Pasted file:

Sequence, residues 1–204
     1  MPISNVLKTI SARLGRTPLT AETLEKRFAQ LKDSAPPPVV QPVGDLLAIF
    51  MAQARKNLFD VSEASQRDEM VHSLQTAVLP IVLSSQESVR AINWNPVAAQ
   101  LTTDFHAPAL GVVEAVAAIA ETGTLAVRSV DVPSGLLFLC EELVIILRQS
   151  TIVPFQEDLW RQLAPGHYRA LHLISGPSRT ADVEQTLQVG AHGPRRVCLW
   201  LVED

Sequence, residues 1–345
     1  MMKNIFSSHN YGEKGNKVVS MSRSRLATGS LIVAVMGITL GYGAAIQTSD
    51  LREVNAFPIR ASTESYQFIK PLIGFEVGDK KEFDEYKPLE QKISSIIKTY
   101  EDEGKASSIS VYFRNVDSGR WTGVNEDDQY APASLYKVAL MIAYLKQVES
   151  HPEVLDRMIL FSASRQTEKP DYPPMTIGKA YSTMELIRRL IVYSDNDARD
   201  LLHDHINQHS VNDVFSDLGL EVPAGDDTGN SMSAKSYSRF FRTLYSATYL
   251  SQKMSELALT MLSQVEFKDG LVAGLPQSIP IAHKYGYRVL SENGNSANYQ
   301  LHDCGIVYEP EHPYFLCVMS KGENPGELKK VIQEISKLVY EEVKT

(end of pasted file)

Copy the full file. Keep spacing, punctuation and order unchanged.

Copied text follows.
Sequence, residues 1–204
     1  MPISNVLKTI SARLGRTPLT AETLEKRFAQ LKDSAPPPVV QPVGDLLAIF
    51  MAQARKNLFD VSEASQRDEM VHSLQTAVLP IVLSSQESVR AINWNPVAAQ
   101  LTTDFHAPAL GVVEAVAAIA ETGTLAVRSV DVPSGLLFLC EELVIILRQS
   151  TIVPFQEDLW RQLAPGHYRA LHLISGPSRT ADVEQTLQVG AHGPRRVCLW
   201  LVED

Sequence, residues 1–345
     1  MMKNIFSSHN YGEKGNKVVS MSRSRLATGS LIVAVMGITL GYGAAIQTSD
    51  LREVNAFPIR ASTESYQFIK PLIGFEVGDK KEFDEYKPLE QKISSIIKTY
   101  EDEGKASSIS VYFRNVDSGR WTGVNEDDQY APASLYKVAL MIAYLKQVES
   151  HPEVLDRMIL FSASRQTEKP DYPPMTIGKA YSTMELIRRL IVYSDNDARD
   201  LLHDHINQHS VNDVFSDLGL EVPAGDDTGN SMSAKSYSRF FRTLYSATYL
   251  SQKMSELALT MLSQVEFKDG LVAGLPQSIP IAHKYGYRVL SENGNSANYQ
   301  LHDCGIVYEP EHPYFLCVMS KGENPGELKK VIQEISKLVY EEVKT